Where an employee has recently changed from full-time to part-time hours how should his or her redundancy payment be calculated?
Section 135 of the Employment Rights Act 1996 entitles an employee to receive a statutory redundancy payment if he or she is dismissed by the employer by reason of redundancy and meets the relevant qualifying conditions. A redundancy payment is based on "a week's pay" (subject to the statutory cap) and takes into account the employee's age and the number of years of employment. Years of employment count equally for this purpose regardless of whether the employee worked full time or part time. To calculate a redundancy payment, the employer must first determine the period, ending with the relevant date (ie the date on which the notice of redundancy expires or, if statutory minimum notice is not given, the date on which the minimum notice period would have expired if given), during which the employee has been continuously employed. It must then work backwards from the end of that period to calculate the number of complete years of employment falling within that period. Finally, the employer must allow the appropriate amount for each of those years of employment. The appropriate amounts are: one and a half weeks' pay for each year of employment in which the employee was aged 41 or over; one week's pay for each year of employment in which the employee was aged between 22 and 40; and half a week's pay for each year of employment in which the employee was aged 21 and under.
Sections 221 to 224 then set out how to calculate "a week's pay". This is somewhat complicated and depends on whether the employee has normal working hours or not. It is assumed here that the employee does have normal working hours.
If the employee's normal working hours are the same every week and his or her wages for employment in normal working hours do not vary with the amount of work done, the amount of a week's pay is the amount that is payable by the employer under the contract of employment in force on the calculation date if the employee works throughout his or her normal hours in a week.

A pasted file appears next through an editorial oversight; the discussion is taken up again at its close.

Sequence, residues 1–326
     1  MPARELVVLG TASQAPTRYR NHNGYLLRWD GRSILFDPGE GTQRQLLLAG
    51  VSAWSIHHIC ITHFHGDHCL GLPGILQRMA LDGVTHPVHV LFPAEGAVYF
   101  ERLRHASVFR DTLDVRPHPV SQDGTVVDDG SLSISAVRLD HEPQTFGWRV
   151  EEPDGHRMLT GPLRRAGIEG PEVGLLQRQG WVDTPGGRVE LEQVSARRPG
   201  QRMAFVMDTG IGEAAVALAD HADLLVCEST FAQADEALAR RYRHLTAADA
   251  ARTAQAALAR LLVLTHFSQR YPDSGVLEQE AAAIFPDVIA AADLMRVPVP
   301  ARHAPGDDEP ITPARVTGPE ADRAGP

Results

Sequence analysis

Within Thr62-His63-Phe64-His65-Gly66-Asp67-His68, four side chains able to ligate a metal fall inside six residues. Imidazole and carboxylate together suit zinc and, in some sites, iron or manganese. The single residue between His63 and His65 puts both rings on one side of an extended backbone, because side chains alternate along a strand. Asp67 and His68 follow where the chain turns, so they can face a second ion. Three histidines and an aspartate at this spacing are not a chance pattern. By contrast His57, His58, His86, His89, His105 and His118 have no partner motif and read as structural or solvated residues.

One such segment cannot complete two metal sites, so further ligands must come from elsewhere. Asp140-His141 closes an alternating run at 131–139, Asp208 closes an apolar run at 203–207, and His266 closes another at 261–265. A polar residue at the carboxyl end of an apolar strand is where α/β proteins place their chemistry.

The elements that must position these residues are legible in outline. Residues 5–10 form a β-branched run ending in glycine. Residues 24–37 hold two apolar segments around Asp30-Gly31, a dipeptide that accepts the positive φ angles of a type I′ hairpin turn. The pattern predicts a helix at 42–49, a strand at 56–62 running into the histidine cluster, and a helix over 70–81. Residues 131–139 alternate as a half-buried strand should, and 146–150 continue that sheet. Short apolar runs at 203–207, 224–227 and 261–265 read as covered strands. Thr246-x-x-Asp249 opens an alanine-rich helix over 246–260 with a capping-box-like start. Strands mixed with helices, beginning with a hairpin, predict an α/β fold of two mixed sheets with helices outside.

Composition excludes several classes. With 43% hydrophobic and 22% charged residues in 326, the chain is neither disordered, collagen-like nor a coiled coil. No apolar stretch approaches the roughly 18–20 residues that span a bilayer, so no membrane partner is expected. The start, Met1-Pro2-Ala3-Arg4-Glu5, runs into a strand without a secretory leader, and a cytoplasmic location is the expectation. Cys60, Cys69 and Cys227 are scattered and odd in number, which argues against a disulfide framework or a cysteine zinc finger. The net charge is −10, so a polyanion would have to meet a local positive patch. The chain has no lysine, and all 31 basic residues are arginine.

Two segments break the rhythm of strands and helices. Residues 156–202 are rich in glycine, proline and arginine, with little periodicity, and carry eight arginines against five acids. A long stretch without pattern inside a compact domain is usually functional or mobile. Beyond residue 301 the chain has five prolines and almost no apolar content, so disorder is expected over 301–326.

If the employee's wages do vary with the amount of work done but the number of normal working hours does not vary, the amount of a week's pay is the amount of pay for the number of normal working hours in a week calculated at the average hourly rate of pay payable in respect of a 12-week period ending with the last complete week before the calculation date (or, where the calculation date is the last day of a week, with that week).
Where the employee is required under the contract of employment to work during normal working hours on days of the week or at times of the day that differ from week to week or over a longer period (so that pay varies from week to week), the amount of a week's pay is based on the average pay and the average number of hours worked in the last 12 weeks before the calculation date.
Therefore, if the employee's change to part-time hours was a permanent contractual change and his or her normal working hours are now the part-time hours, the whole redundancy payment will normally be calculated based on the reduced part-time salary.